Vol. 5, No. 5, 2010

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Axial compression of hollow elastic spheres

Robert Shorter, John D. Smith, Vincent A. Coveney and James J. C. Busfield

Vol. 5 (2010), No. 5, 693–705

When thin-walled hollow elastic spheres are compressed between two parallel rigid surfaces, there is an initial flattening of the sphere in the contact regions, followed by a snap-through buckling of the flattened surface. As the compression increases the sphere undergoes further buckling modes as a number of ridges and folds are formed. This elastic buckling deformation is investigated using a finite element analysis (FEA) technique. It is shown that the ratio of displacement at buckling to wall thickness depends weakly not only on Poisson’s ratio, ν, but also on the ratio of the geometric wall thickness, h, to sphere radius, R. This approach is validated by comparison with experimental compression results on microspheres of approximately 40 μm in diameter to table tennis balls with a diameter of 40 mm.

The analysis shows that a simple axial compression of a thin-walled hollow sphere can be used to measure both the average wall thickness of the sphere, from the deformation at the buckling snap-through, and the modulus from the force at this point. This provides a good technique to fully characterise the geometry and the elastic behaviour of thin-walled spheres of any size.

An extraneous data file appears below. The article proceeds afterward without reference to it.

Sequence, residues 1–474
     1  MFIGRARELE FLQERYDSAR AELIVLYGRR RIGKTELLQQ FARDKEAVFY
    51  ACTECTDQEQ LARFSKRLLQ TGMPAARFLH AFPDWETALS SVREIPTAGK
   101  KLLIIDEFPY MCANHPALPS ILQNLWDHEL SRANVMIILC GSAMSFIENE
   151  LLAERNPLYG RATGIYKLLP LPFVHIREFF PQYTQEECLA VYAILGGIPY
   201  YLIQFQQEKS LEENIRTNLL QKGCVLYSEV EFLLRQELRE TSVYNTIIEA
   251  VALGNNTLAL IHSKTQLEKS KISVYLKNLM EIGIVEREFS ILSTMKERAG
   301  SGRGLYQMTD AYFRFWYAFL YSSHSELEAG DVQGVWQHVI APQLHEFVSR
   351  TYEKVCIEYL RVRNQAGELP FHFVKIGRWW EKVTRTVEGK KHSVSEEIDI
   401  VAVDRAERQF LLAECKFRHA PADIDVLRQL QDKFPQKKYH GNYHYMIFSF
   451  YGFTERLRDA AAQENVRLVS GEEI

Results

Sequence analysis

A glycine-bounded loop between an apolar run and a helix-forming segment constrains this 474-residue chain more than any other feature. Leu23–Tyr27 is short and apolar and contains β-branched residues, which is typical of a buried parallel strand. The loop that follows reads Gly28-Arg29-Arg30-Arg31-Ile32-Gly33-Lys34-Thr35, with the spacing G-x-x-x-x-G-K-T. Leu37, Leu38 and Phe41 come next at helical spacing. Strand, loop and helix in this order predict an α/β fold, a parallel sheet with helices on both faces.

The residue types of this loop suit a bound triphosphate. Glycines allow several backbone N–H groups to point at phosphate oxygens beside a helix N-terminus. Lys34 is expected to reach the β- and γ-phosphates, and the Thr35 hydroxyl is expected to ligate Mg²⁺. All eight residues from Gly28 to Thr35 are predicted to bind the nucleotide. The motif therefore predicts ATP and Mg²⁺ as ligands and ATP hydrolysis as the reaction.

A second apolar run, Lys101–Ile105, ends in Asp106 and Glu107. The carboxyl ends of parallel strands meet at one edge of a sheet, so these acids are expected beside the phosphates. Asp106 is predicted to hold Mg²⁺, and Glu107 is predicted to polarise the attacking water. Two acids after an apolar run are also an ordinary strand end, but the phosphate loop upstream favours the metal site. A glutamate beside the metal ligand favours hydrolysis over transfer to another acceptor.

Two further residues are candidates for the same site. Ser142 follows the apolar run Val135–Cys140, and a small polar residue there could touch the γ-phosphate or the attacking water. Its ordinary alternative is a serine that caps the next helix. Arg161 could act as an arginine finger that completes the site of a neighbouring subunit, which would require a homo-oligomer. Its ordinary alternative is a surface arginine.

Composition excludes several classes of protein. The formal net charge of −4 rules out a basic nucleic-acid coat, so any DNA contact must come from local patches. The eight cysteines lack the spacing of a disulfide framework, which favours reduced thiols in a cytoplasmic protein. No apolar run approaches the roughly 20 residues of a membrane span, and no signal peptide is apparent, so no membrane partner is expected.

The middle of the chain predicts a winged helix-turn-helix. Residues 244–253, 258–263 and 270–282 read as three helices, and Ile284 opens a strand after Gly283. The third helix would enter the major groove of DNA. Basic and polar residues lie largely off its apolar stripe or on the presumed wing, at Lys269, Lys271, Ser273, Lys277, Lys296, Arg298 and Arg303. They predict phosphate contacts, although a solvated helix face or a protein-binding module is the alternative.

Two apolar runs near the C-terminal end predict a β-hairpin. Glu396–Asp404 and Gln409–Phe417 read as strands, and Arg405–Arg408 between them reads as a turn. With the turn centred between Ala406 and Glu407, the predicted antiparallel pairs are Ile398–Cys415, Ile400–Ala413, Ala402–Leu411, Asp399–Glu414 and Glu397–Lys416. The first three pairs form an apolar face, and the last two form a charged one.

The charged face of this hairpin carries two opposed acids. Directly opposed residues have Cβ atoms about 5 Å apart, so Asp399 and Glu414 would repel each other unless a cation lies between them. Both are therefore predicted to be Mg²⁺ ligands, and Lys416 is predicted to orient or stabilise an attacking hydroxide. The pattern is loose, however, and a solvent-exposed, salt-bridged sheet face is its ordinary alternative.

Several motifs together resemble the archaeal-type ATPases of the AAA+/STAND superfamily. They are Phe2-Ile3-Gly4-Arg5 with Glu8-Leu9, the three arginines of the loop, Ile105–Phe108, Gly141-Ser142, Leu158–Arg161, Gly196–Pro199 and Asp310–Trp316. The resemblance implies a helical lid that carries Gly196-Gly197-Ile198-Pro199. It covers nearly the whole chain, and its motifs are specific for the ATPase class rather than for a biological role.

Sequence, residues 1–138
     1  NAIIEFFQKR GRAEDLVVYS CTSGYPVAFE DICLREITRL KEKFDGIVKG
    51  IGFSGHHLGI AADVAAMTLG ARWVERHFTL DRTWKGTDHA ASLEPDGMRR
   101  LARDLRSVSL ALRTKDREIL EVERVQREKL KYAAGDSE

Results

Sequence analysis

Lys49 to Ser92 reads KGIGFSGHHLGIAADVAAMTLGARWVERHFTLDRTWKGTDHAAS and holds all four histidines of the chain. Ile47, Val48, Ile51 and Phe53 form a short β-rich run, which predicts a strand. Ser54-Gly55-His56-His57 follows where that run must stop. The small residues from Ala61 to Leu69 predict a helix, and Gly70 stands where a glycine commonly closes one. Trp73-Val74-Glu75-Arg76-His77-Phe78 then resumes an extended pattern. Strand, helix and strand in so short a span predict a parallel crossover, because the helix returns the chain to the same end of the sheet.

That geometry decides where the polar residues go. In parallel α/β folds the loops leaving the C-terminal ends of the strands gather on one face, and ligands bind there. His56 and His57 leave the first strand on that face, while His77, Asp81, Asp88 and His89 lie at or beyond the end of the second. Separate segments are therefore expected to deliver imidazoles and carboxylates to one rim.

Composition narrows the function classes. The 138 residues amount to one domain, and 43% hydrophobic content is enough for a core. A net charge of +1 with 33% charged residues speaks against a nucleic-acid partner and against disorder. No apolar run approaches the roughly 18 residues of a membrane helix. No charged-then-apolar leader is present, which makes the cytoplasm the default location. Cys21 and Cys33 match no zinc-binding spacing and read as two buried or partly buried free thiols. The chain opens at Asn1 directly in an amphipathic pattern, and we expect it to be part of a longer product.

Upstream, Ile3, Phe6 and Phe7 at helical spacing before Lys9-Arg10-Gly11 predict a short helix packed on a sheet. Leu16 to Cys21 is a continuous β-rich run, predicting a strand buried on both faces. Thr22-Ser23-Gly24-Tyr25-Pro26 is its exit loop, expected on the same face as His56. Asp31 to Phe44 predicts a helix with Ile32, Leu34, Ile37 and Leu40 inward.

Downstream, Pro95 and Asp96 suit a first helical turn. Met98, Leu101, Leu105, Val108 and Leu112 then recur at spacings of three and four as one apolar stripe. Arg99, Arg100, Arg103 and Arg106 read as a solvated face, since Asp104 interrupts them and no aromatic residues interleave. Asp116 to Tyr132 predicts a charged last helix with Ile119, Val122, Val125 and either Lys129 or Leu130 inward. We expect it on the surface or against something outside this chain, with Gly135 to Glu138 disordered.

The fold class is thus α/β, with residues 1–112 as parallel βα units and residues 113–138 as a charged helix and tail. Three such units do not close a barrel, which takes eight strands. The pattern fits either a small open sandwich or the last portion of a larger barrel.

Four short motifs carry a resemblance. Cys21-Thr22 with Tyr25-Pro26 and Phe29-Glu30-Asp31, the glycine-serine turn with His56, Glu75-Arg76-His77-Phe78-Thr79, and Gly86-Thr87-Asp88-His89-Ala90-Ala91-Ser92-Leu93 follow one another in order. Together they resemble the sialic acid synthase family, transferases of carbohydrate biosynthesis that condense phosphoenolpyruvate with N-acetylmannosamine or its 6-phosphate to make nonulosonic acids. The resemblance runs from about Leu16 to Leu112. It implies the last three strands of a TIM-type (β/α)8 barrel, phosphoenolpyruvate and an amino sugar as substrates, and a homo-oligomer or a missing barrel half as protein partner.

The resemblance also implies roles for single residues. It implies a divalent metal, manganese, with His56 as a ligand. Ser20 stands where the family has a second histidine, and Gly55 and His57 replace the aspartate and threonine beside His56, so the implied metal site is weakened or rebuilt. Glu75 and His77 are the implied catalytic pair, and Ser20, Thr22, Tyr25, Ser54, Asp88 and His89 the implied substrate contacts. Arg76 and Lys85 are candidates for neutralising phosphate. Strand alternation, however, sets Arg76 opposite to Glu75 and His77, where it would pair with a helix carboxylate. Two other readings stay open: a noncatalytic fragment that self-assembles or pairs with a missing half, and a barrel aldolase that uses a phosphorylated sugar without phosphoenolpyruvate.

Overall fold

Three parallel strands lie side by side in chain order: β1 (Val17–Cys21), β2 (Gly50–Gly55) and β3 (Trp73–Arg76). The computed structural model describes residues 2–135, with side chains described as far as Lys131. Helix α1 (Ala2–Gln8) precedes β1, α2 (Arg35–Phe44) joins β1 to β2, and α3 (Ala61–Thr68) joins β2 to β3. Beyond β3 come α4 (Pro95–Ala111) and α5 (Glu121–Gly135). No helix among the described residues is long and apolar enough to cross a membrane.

compression, buckling, instability, hollow spheres, finite element analysis
Received: 17 October 2008
Revised: 15 June 2010
Accepted: 8 July 2010
Published: 3 December 2010
Robert Shorter
Department of Materials
Queen Mary University of London
Mile End Road
E1 4NS
United Kingdom
John D. Smith
Defence Science and Technology Laboratory
Porton Down
United Kingdom
Vincent A. Coveney
Engineering and Medical Technology Research Centre
University of the West of England
BS16 1QY
United Kingdom
James J. C. Busfield
Department of Materials
Queen Mary University of London
Mile End Road
E1 4NS
United Kingdom